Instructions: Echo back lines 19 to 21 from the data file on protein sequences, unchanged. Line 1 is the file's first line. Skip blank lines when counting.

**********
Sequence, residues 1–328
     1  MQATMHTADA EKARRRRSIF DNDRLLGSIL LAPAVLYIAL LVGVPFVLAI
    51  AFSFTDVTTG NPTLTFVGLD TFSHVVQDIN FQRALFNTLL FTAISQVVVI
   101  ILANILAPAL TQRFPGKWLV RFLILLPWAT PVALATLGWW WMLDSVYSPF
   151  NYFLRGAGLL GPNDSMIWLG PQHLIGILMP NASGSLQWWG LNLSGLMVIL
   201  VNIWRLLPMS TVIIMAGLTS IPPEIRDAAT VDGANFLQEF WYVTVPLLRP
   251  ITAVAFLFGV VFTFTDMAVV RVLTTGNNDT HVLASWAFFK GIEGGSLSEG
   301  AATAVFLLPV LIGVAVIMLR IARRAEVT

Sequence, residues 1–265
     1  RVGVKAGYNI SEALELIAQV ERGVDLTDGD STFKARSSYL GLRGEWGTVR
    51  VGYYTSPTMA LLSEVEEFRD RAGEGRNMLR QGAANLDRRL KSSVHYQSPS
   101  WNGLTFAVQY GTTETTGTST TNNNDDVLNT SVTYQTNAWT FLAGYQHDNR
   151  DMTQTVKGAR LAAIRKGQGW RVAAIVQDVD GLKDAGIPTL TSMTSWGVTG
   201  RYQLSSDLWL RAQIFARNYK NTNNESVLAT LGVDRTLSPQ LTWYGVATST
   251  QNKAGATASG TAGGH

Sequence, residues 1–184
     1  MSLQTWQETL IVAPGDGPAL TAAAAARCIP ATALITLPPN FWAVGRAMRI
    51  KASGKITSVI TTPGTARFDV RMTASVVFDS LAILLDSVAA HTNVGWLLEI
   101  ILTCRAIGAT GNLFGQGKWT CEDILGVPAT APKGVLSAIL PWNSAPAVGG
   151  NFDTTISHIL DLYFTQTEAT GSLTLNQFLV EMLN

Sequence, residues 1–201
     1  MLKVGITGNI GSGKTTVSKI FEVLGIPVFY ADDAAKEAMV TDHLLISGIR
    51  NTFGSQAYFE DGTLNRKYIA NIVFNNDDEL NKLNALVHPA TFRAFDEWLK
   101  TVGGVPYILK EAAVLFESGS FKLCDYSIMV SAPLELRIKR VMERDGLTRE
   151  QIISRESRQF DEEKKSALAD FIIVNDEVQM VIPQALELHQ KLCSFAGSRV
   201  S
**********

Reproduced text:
   101  ILTCRAIGAT GNLFGQGKWT CEDILGVPAT APKGVLSAIL PWNSAPAVGG
   151  NFDTTISHIL DLYFTQTEAT GSLTLNQFLV EMLN

Sequence, residues 1–201